river to fulfil their cycles of reproduction, they are caught at the end of the season to obtain their
roe and milt, and the river is restocked with fry. These practices in turn enable human-fish relations
that are meant to evoke another temporality, that of a pre-industrial, pre-capitalist, non-regulated
natural river. These processes in turn go hand in hand with the ever-increasing reliance on capitalist
modes of production and distribution of objects, technologies and knowledge. The paper seeks to
examine these intertwined relations by comparing pre-capitalists to later capitalist perceptions of
the river and its non-human actors, though a focus on different temporalities, both progressive
and cyclical, and further by connecting these to debates on capitalism, climate and landscapes.
Main page
Peter Boomgaard
For many Asian countries, stockbreeding in the past is a badly documented phenomenon. Much
of it occurred in out-of-the-way places, and statistics prior to 1900 are often absent or of
questionable reliability. Relatively good figures are available for Java (Indonesia), and
developments regarding that island will be at the centre of our discussion.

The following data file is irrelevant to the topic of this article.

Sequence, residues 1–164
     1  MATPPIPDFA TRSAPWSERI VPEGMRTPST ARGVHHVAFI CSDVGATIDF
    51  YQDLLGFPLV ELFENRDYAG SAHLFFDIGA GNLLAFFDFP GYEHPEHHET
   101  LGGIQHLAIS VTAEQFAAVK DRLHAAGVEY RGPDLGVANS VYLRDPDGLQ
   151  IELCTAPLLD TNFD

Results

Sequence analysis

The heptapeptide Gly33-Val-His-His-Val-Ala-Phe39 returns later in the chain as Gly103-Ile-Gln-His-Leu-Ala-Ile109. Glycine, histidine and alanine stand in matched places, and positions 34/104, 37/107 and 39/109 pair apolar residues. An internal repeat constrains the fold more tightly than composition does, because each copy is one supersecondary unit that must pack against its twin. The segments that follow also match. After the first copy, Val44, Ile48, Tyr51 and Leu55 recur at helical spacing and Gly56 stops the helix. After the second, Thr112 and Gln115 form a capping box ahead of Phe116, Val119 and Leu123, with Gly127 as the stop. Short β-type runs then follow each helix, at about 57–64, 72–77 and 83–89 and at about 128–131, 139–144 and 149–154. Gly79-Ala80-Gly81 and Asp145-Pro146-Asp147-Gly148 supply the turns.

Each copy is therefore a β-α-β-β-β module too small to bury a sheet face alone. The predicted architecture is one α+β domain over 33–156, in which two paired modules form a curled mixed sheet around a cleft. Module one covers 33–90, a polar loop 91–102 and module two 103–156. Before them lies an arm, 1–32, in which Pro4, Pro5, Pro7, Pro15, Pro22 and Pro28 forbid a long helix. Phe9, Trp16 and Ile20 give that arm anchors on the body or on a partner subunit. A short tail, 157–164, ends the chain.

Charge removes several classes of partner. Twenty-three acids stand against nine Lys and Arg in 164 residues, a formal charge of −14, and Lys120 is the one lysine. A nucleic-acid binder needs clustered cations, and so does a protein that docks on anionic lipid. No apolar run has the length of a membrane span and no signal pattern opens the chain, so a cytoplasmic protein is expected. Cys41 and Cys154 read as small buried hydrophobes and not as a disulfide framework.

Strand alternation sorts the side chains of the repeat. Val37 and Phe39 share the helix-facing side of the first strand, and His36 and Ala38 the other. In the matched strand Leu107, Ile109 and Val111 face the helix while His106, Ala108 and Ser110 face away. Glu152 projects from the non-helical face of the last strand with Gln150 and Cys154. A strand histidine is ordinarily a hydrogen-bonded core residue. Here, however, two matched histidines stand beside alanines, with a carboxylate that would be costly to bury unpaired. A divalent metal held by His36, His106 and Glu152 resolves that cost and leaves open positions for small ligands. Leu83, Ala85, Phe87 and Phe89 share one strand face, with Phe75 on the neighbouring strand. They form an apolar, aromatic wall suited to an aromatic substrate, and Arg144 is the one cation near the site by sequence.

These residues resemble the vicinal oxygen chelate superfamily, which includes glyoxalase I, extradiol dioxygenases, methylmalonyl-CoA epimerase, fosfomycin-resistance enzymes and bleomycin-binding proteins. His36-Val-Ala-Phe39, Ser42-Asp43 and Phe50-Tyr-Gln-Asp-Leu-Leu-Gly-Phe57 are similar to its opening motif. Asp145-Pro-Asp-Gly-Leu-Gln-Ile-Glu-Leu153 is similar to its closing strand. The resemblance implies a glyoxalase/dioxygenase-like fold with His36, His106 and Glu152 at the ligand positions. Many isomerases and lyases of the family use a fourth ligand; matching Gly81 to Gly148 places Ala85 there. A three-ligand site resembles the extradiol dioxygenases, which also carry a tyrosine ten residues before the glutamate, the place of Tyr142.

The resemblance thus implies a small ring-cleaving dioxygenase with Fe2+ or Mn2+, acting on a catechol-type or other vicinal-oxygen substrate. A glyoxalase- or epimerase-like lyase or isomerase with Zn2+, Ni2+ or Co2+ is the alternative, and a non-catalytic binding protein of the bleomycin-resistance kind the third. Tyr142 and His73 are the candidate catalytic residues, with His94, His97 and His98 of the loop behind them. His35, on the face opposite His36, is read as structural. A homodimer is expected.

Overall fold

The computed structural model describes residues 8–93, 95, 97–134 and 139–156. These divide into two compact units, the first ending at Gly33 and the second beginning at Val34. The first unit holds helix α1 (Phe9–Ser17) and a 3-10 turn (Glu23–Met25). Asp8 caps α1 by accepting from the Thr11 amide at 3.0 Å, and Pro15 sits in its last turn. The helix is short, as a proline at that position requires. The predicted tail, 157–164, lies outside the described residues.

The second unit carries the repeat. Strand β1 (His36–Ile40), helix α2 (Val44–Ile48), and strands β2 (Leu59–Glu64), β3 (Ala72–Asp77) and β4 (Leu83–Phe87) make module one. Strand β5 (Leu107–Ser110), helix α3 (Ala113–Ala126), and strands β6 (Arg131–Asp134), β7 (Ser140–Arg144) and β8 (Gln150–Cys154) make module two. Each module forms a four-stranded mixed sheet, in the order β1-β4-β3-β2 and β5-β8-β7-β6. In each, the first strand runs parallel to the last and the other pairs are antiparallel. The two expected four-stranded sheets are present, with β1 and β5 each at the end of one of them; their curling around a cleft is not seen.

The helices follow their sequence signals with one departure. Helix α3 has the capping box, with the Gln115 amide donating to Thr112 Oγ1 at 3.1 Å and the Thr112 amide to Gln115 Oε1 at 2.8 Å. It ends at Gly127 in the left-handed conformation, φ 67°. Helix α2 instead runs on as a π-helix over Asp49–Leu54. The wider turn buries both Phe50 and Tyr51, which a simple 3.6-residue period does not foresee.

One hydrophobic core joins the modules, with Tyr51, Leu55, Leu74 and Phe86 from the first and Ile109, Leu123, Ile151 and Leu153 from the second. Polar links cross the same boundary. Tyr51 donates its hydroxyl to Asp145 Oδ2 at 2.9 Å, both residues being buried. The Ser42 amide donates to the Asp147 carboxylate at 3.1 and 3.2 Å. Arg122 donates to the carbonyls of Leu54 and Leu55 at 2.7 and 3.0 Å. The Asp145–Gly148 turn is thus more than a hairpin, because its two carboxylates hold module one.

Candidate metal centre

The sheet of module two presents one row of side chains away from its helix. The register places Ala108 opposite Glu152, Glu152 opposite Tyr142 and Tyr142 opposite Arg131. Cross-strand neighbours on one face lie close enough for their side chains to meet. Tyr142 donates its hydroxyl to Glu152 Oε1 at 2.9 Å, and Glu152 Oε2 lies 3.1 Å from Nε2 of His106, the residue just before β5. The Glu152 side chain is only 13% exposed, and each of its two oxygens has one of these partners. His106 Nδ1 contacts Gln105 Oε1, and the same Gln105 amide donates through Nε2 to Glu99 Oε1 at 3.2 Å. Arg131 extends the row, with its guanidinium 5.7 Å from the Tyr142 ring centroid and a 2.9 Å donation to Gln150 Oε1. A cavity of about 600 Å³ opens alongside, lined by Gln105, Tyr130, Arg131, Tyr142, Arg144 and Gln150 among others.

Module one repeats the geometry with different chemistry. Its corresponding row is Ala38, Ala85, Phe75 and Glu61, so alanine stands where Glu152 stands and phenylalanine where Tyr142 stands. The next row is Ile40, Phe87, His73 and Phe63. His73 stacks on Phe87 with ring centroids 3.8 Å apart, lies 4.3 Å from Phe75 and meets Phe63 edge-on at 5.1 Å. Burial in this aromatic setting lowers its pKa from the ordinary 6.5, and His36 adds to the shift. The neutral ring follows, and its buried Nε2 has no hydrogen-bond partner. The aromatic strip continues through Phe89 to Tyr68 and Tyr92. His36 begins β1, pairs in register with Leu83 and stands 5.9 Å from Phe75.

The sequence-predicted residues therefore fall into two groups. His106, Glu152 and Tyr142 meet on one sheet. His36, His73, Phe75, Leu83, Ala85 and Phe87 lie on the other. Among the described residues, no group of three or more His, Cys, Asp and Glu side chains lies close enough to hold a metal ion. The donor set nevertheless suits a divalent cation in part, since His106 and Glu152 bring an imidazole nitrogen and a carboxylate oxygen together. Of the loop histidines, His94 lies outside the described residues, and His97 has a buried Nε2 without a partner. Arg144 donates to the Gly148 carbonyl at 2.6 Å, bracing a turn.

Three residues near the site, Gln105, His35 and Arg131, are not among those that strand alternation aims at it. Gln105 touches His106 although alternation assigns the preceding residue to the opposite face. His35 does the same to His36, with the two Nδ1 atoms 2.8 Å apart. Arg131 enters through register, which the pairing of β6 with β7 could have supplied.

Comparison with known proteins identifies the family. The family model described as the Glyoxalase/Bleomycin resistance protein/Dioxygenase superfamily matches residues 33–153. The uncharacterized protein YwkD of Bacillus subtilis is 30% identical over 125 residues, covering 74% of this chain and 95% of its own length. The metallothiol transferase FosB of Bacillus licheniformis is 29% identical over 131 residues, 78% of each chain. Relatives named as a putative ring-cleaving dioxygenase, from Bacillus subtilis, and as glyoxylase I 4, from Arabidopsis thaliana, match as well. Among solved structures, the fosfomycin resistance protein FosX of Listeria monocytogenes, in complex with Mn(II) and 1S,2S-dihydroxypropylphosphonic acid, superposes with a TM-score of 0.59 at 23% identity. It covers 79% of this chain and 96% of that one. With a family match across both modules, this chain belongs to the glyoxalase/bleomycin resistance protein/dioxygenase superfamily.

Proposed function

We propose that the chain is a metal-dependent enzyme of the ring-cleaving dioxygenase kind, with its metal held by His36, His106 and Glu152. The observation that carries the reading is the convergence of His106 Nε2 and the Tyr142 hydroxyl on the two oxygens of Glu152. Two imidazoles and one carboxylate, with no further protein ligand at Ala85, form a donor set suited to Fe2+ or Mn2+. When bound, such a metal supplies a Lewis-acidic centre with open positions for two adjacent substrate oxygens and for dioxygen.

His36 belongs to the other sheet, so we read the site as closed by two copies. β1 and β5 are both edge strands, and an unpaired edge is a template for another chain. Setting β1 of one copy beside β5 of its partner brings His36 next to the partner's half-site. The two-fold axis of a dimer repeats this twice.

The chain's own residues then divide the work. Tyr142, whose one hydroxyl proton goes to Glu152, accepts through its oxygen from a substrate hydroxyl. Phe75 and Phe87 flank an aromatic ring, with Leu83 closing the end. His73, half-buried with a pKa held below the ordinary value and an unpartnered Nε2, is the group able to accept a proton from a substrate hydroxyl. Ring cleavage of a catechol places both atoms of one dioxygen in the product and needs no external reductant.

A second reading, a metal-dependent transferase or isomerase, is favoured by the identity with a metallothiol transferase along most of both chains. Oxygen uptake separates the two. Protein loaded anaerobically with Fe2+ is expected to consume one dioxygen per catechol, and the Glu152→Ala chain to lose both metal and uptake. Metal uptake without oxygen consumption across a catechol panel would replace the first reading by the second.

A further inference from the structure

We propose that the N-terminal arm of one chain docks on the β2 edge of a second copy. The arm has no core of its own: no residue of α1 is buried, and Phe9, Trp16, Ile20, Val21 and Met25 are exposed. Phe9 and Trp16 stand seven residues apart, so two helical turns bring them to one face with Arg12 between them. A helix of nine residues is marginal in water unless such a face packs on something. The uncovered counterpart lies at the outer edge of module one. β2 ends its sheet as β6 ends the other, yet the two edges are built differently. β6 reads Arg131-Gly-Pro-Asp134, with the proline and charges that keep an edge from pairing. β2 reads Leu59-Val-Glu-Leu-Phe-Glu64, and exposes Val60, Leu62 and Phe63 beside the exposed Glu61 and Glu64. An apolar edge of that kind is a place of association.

In all likelihood, the growth of the number of horses in Java was higher than that of the population
between 1600 and 1850. Much of this growth was linked to the activities of the VOC, the Dutch
East India Company, and became more pronounced from the late eighteenth century. VOC and
other merchants needed horses for transport, both of people (horse riding, carriages) and trade
commodities. The latter use increased strongly after 1800. After 1850 the trend reversed.
In Java growth of the number of buffalo between 1800 and 1850 also outstripped the increase in
the number of people. This was also linked to increased demand for transport, but also to the need
for animal traction of ploughs, linked to increased population growth, which, in turn was
stimulated by Dutch colonial policies. The number of cattle increased as well in this period, but
not as fast as that of the buffalo. After 1850 the growth of cattle numbers accelerated, while that
of buffalo slowed down.
Finally, outside Java, for instance in Sulawesi (Celebes), the growing number of buffaloes appear
to have been used mainly in sacrifices, as conspicuous consumption. This phenomenon as such
was much older than 1800, a local tradition, but the growing involvement of local people in
international Capitalist trade enabled them to slaughter larger numbers of buffalo during the death
ceremonies of the well-to-do.
Main page
Vincent Chapaux
International law, as a normative order, is often seen as very “animal friendly”. The most famous
international norms regarding the animals are usually explicitly drafted to protect them from
“commercial predation” (e.g. Convention for the Conservation of Antarctic Seals or the
Convention on International Trade in Endangered Species). Even when it comes to animal